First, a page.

Apr 2, 2020 - Economy & Business

Jobless claims spike to another weekly record amid coronavirus crisis

Data: U.S. Labor Department via FRED; Chart: Andrew Witherspoon/Axios

6.6 million people filed for unemployment last week, a staggering number that eclipses the record set just days ago amid the coronavirus pandemic, according to government data released Thursday.

Why it matters: Efforts to contain the outbreak are continuing to create a jobs crisis, causing the sharpest spikes in unemployment filings in American history.

  • The colossal number of unemployment filings is worse than most Wall Street banks were expecting.

The big picture: Nearly 10 million Americans have filed for unemployment claims in recent weeks, as businesses around the country shut down in response to the pandemic.

  • But the data lags by a week, so it's almost certain labor departments around the country are still processing claims and people are still applying.

Go deeper

May 30, 2020 - Health

The coronavirus could give bioterrorists ideas

Illustration: Aïda Amer/Axios

A security group warns that the COVID-19 pandemic could inspire terrorists to turn to bioweapons.

Why it matters: New technologies like gene-editing have the potential to make future bioweapons deadlier and easier to create, while COVID-19 demonstrates just how vulnerable the world is to any kind of biological threat.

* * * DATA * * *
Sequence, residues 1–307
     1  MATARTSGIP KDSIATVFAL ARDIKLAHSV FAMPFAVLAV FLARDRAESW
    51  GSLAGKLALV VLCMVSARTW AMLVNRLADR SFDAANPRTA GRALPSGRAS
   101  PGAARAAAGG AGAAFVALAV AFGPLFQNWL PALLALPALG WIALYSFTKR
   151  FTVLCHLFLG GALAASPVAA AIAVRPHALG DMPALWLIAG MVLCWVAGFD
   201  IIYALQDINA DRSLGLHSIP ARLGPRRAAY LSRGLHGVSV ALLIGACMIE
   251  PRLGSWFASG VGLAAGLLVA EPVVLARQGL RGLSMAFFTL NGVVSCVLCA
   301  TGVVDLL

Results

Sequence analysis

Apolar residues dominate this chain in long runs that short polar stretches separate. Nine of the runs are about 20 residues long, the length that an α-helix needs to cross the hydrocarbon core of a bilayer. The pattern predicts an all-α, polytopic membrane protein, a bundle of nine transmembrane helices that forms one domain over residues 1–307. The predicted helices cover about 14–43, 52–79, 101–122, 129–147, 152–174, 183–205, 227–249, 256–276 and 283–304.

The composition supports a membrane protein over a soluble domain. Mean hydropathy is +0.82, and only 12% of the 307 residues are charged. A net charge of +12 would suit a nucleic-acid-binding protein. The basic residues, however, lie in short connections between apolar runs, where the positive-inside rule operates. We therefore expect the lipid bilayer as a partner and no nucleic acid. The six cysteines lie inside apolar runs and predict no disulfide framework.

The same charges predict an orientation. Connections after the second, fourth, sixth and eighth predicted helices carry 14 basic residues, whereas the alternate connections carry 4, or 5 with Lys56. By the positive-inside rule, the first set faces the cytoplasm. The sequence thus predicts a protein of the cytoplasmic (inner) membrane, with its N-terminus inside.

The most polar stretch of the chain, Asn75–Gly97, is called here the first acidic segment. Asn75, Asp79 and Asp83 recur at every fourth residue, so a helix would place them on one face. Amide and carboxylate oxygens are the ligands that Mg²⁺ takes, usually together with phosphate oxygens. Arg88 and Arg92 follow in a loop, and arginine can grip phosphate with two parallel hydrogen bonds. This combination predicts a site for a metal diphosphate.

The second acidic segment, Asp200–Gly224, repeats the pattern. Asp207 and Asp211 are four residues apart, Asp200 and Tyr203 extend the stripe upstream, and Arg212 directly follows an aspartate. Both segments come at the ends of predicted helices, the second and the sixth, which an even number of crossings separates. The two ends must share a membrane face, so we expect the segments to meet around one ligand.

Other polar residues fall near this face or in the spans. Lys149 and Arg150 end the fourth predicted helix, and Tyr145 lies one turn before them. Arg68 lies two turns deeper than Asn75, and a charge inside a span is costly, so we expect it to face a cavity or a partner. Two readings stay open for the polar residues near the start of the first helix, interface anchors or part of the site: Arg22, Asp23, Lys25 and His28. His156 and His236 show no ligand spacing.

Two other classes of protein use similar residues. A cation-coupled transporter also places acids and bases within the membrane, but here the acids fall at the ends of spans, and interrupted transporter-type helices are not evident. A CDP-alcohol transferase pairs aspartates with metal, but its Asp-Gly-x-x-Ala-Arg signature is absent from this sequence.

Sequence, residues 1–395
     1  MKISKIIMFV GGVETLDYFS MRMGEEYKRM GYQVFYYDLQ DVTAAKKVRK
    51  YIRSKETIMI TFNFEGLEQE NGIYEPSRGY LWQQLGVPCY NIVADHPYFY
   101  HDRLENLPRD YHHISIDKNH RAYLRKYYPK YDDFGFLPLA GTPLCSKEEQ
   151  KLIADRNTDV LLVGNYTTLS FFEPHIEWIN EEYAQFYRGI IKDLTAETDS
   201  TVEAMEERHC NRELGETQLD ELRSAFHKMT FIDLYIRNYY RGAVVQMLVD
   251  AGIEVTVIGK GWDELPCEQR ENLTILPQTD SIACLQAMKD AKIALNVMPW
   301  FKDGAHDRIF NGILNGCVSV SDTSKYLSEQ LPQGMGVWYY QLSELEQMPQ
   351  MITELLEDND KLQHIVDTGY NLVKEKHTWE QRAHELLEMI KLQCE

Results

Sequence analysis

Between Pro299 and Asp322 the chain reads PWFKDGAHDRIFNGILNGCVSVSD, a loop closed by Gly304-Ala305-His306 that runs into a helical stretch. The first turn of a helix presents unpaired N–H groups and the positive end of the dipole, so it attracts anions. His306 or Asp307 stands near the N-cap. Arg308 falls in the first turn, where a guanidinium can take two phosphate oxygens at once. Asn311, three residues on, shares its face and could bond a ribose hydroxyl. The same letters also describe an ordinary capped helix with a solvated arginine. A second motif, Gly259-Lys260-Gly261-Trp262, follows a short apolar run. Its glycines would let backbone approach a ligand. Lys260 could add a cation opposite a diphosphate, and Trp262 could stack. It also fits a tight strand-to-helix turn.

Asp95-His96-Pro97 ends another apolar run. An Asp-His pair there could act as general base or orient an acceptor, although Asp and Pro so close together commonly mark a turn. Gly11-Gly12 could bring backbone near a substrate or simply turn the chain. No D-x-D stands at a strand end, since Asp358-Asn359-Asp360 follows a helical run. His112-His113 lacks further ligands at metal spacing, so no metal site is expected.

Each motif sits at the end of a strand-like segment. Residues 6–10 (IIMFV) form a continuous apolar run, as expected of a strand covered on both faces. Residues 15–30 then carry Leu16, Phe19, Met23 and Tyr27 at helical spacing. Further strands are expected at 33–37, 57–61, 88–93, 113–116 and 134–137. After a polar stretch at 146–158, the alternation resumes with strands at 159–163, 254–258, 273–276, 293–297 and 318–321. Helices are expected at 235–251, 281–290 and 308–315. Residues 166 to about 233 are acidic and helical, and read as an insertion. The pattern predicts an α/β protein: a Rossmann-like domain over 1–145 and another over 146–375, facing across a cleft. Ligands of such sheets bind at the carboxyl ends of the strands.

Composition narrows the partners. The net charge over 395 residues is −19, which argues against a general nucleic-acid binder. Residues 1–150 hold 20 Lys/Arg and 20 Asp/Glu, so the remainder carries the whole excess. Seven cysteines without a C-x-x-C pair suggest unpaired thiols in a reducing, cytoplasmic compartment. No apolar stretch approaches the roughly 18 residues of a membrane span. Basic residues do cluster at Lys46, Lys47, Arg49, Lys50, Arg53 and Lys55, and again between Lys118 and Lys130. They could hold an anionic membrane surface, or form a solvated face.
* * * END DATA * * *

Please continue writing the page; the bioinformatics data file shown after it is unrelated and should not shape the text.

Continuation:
Updated 2 hours ago - Politics & Policy

DOJ to treat antifa involvement in protests as domestic terrorism

Barr and Trump. Photo: Doug Mills-Pool/Getty Images

Attorney General Bill Barr said in a statement Sunday that the Justice Department will use its network of 56 regional FBI Joint Terrorism Task Forces to identify the "criminal organizers and instigators" of violence during the George Floyd protests, including antifa and similar groups.

Why it matters: Barr, President Trump and other members of the administration have pinned the blame for riots and looting over the past few days of protests against police brutality on antifa, a loosely defined far-left movement that uses violence and direct-action protest tactics.

Updated 2 hours ago - Politics & Policy

Journalists get caught in the crosshairs as protests unfold

A man waves a Black Lives Matter flag atop the CNN logo outside the CNN Center during a protest in response to the police killing of George Floyd, Atlanta, Georgia, May 29. Photo: Elijah Nouvelage/Getty Images

Dozens of journalists across the country tweeted videos Saturday night of themselves and their crews getting arrested, being shot at by police with rubber bullets, targeted with tear gas by authorities or assaulted by protesters.

Why it matters: The incidents show how easy it can be for journalists to become entangled in the stories they cover, especially during a time of civil unrest.